Culinary Arts Taskforce recommends dramatic overhaul of program
This past fall, the Culinary Arts Taskforce was formed to work on two things: revamping the Culinary Arts, Food program and improving food-service options on the main campus. Recently the Taskforce released its findings, and they could indicate dramatic changes not just in the program and the college’s dining options, but in the look and shape of the campus as well.
The Taskforce quickly recognized one major challenge facing the current Culinary Arts program: In order to stay up-to-date with modern culinary trends, students needed instructional time to develop skills and learn about new tools and technology, theories, dietary restrictions, and global cuisine. However, the program was also responsible for most of the food production at the college, which left little time for purely instructional lab activities and skill development.
At the same time, because Culinary Arts students were responsible for producing most of the food at campus, food service was limited to their class hours—and both students and employees often need to eat at times outside those hours.
Looking at these challenges, it became clear to the Taskforce that the Culinary Arts program needed to stop being the sole source of food on campus. The solution: Bring in local vendors, in a limited capacity, to augment food service for the campus community. Meanwhile, Culinary Arts students would take part in more-rigorous academics and updated lab activities—while still gaining hands-on experience by providing some food service to the college. The program would also move to a cohort model and be designed to qualify for accreditation by the American Culinary Federation.
In order to accomplish all this, however, something else needed to change: the facility itself. Students would need access to SMART classrooms and a demonstration kitchen (currently the program has neither) to learn the new curriculum, and outside vendors would want a larger, more inviting space in which to set up shop. So the Taskforce also recommended adding a second story to the northwest corner of Gaiser Hall and remodeling the first-floor section to house a modern food court with different cook-to-order kiosks, a new bakery area, and a modern dining room. The second floor would include the SMART classrooms, offices, and other facilities required for a modern Culinary Arts program.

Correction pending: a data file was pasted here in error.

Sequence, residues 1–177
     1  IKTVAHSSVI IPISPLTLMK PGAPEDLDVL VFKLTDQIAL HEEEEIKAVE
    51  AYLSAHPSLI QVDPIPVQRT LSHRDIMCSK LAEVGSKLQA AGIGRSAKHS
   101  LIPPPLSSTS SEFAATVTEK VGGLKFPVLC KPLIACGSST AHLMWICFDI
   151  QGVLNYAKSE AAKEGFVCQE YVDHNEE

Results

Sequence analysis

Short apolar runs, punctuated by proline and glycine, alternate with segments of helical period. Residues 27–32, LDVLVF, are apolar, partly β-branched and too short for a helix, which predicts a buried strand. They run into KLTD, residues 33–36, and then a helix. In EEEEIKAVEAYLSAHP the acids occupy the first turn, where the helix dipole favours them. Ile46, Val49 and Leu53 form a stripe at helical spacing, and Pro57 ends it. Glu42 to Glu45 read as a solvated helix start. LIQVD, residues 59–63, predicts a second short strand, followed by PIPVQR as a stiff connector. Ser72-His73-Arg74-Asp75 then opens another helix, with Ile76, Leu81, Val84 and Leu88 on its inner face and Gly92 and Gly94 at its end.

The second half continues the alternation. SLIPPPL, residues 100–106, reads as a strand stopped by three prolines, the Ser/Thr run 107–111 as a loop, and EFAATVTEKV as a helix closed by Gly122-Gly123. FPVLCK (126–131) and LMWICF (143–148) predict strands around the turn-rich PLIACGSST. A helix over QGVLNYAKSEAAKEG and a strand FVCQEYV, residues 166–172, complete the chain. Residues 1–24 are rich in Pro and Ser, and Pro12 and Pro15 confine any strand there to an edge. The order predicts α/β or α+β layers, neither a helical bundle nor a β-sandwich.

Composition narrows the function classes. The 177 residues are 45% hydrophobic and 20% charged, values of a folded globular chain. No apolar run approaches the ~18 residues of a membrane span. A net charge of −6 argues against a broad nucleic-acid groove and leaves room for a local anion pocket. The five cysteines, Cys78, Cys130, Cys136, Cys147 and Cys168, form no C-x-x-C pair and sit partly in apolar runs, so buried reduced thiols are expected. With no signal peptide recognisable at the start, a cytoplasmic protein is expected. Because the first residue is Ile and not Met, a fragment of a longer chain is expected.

“[A] renovation, while costly, is an investment in the program, an investment in student retention, and an investment in the goals of the Strategic Plan,” the Taskforce’s final proposal concludes. “The creation of an inviting space for students, faculty, and staff to congregate as members of a community will serve Clark College for decades to come.”
The next step will be a predesign study to accurately budget for these renovations—after that, the fundraising process to make these proposals reality can begin. Meanwhile, the Culinary Arts, Food program is not taking new students. Learn more about the proposed changes online at http://www.clark.edu/academics/programs/culinary_arts/Taskforce_Proposal.pdf.
Meet Your (Lunch) Makers
So where will students and employees eat while the Culinary Arts, Food program goes through its transformation? In addition to currently existing food kiosks around campus and the Bakery (which will continue service during the revamp), three new food carts will set up shop on the walkway on the east side of Gaiser Hall. Here they are, with links to their websites and expected beginning month of service:
Photo: Clark College/Hannah Erickson